I’m losing patience with Alaska Airlines, so I’ll say up front that this is the airline’s policy as of today’s date; given their track record, check their page about pet travel carefully. Heaven only knows what their policy will be when you’re making your plans.
Back on November 4, I reported that Alaska Airlines had started requiring health certificates for in-cabin pets and expressed a fervent hope that the other major U.S. airlines would not follow suit. Two weeks later, I reported (with relief) … Read more
On November 4, I reported that Alaska Airlines had started requiring health certificates for in-cabin pets and expressed a fervent hope that the other major U.S. airlines would not follow suit. Imagine my surprise to learn today that Alaska has reversed itself, and returned to its previous hands-off policy (“A health certificate will not be required for pets traveling in the cabin, however, many states have specific importation health and vaccination requirements”). You can see in my November 4 post what … Read more
In what is, I hope, a move that no other U.S. airline will follow, Alaska Airlines has decided to require a health certificate for pets flying in-cabin (Alaska also requires a health certificate for crated pets checked as baggage/cargo, but that’s normal policy for U.S. airlines transporting animals). The new policy applies to flights on December 4, 2014 and following, and states that “All pets traveling in the cabin or cargo compartment on Alaska Airlines, (including flights operated by Horizon, SkyWest … Read more
Normally, I don’t accept guest posts — partly because I don’t want to betray your trust (there’s too much advertising masquerading as content out there) and partly because I like to maintain a consistent “sound” for the blog — but when I heard from Tamara Murray, I knew it was time to make an exception.
Tamara writes a travel blog of her own, called Our Leap Year, about the year-long adventure she and her husband and Holly, their 15 year-old Cairn … Read more
It’s a bit tricky to identify English-speaking veterinarians in Paris, so I’ve been posting names as I’ve learned them, and now I have two more to add to your list.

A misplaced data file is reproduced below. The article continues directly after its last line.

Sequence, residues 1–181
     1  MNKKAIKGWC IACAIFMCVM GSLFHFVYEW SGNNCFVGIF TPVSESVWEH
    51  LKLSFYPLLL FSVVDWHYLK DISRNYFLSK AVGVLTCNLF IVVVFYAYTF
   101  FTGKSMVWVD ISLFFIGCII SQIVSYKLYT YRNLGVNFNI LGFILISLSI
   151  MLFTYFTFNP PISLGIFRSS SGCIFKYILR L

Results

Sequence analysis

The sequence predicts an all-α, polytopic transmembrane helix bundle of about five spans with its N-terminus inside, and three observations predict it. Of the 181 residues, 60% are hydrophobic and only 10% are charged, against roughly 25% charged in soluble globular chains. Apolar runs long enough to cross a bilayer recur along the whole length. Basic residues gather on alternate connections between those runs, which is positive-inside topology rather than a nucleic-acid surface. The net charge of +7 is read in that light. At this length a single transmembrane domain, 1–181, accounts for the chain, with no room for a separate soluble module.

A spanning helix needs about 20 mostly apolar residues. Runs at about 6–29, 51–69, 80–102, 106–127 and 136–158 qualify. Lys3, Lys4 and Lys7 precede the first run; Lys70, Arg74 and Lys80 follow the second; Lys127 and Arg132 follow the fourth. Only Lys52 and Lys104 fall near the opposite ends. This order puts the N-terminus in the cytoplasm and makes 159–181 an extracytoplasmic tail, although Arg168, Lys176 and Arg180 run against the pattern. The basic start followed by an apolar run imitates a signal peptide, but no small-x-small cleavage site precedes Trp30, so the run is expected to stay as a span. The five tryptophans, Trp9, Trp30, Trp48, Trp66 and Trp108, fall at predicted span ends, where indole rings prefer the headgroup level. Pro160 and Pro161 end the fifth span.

Rather than make you search for my past posts on the topic, I’ll recap: Back in August 2009, I told you about Dr. Pierre Métivet, and a year later I mentioned La Boetie Clinique Vétérinaire (which I think now has the clever name Clinique Vétérinaire Labo & Cie, but is still … Read more
This post is just a note to let you know about a well-regarded 24-hour emergency vet in the Mission neighborhood of San Francisco. Heaven forbid that you should need one, but if you do, San Francisco Veterinary Specialists is located at the corner of Alabama and 18th. [After receiving a worried message from a kind reader, I hasten to add that Chloe is fine — we just walked past the facility and were happy to make a note of its … Read more
Reader Heather wrote to tell me of two glitches in her preparations for international travel with Sisu, her Cavalier King Charles Spaniel puppy. Heather’s husband is Finnish, and they spend time in Finland every year with their children and, this year, their dog.
Heather had all of her ducks in a row — paperwork, timely tapeworm treatment — but couldn’t get Sisu’s travel papers stamped by the local USDA office for two reasons:
Glitch #1: “[M]y dog had a microchip — correct … Read more
It’s not particularly surprising that France’s Ordre des Vétérinaires doesn’t allow sites like AngloInfo to publish lists of English-speaking vets. It’s France, after all, and they do things their own way. The Ordre does have a searchable database of French veterinarians, and that’s useful (click on “Trouvez un vétérinaire”), but its search engine does not give you a way to identify English-speaking vets.
Happily, I have one name to give you. A thread on AngloInfo lead me to someone in Paris … Read more
UrbanHound calls itself “the city dog’s ultimate survival guide,” and the site is a great resource for dogs living in New York, Chicago and San Francisco. It’s also a great resource for dogs visiting those cities — in particular, the sections on Hound Play, Hound Health and Hound Services provide lots of useful information about dog parks, swimming holes and fun things to do; 24-hour emergency vets (in Chicago and S.F., not provided for NYC); and dog services like day … Read more
SnifNYCDogs is a fun blog focused on things to do with your dog in New York. Take a look at it, and in particular check out the excellent map of NYC annotated with all things useful for dogs in the five boroughs — including vets, groomers, pet shops, dog parks, doggy day care, walkers and sitters, pet transportation, and pet bakeries. What a great resource!